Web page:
The early part of this week was hot for this time of year in Ottawa. All over twitter, I was seeing the #Hottawa hashtag in use as everyone tried to make it through the days without melting.
I had a few interesting conversations because I don’t like the heat, yet I’m from Florida. Born and raised. How could I not like the heat? Well, I just never have liked hot weather. I’m a moderate weather girl, preferring the comfortable temps of a spring and fall to the extremes that come with summer and winter. Hot weather reminds me of the many years without air conditioning in houses or cars, which is miserable in Florida, let me tell you. Heat rash, itchy sweat, lethargy. Heat drains me much the same way that being in a crowded room does to an introvert (I might know about that from personal experience too).
The worst summer, by far, was 1998. Perhaps because I was old enough to actually remember and document it. Perhaps because it was just a memorable year in general. Perhaps because it was just so hot it was burned into my brain. Or maybe that was just the year - for better or worse - I finally started making decisions for myself.
One decision I made was to go with my best friend to visit her father and step-mom on the east coast. To get there, we had to drive east from Tally over to US Route 1 around Jacksonville and down the coast to their town. This wasn’t the quick way, but the faster route was closed thanks to the rash of forest fires that year.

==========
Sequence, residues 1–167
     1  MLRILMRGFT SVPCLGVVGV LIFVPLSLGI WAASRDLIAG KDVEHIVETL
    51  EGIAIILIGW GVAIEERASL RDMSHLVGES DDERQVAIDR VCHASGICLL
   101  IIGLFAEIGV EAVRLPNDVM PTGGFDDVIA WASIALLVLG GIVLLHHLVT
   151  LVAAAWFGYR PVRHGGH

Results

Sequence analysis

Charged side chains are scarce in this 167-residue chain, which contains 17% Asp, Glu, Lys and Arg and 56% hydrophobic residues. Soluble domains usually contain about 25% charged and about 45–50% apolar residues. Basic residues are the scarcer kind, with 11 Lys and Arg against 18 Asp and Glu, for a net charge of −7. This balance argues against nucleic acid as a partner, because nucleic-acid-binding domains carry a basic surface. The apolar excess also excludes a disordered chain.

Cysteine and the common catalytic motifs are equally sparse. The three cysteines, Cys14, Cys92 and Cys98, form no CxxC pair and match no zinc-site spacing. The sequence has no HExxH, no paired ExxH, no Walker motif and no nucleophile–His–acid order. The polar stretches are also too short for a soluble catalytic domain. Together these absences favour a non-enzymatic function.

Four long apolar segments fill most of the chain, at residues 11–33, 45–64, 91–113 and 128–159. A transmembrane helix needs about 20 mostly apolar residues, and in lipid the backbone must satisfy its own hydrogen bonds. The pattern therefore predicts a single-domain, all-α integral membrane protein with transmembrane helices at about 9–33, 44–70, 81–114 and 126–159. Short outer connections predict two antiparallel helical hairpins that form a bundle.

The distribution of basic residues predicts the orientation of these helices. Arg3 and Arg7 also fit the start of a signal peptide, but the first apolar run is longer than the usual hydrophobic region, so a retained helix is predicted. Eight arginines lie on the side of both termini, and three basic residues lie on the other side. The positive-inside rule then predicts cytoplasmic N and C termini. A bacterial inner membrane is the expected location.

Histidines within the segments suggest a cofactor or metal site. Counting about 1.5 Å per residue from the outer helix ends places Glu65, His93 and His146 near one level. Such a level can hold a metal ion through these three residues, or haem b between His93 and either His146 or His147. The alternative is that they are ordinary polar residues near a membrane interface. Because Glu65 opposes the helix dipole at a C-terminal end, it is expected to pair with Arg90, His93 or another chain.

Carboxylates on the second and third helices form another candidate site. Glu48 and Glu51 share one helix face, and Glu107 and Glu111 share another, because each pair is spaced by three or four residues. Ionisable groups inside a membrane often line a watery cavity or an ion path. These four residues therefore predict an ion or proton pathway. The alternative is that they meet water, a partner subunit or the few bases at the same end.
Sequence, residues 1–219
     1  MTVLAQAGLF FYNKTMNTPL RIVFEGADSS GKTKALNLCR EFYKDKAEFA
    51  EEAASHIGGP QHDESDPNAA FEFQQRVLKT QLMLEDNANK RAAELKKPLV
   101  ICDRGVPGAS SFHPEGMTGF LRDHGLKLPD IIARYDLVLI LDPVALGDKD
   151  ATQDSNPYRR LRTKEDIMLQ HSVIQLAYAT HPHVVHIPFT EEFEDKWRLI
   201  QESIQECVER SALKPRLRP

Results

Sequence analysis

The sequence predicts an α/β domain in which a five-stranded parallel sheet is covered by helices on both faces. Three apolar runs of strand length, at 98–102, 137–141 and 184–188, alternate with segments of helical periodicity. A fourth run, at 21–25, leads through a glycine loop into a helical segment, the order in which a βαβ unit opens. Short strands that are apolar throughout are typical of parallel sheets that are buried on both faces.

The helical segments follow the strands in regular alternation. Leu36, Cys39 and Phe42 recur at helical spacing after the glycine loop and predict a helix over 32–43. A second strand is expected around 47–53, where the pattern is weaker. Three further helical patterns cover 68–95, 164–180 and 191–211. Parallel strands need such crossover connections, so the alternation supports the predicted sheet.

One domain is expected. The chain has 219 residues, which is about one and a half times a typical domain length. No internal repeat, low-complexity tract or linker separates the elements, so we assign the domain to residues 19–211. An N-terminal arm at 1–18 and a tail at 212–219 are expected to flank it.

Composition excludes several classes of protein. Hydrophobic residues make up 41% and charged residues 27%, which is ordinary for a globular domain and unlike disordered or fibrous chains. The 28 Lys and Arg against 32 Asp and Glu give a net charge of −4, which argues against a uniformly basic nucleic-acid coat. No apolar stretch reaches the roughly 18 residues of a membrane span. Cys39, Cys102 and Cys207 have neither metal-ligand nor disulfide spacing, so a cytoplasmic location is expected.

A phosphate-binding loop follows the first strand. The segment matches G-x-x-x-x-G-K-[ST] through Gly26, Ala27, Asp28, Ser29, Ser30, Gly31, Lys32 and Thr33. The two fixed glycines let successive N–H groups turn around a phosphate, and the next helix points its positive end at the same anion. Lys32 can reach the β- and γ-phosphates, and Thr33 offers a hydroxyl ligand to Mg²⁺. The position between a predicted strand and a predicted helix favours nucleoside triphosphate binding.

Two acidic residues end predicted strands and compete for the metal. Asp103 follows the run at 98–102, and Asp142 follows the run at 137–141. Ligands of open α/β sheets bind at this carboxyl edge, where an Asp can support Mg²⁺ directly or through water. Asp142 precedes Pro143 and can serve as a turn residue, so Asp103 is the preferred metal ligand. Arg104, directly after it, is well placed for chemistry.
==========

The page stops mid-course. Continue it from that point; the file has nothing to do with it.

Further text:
The trip from Tallahassee to Jacksonville was fairly uneventful, probably because we left at approximately 2:00am-ish. Our methods of staying awake were questionable, but effective. What we weren’t prepared for was the drive down US Route 1. The smoke from the fires was so thick in places we had to slow to a crawl. The smell permeated the car and I’m not sure that car was ever the same again.
The most alarming part of the trip was the charred forest we drove by for miles, only to come to a lush green section that went on for just a quarter of a mile (if that) before we saw a gas station.
After that sight, much of the trip is a blur. I don’t think I remember anything about our return home. But I will never forget the sight of smoke, charred wood, and the visible evidence of just-in-the-nick-of-time work that was done to keep a bad situation from getting exponentially worse.
This post was based on the prompt “Share a memorable road trip story!” from Mama Kat’s Pretty Much World Famous Writer’s Workshop.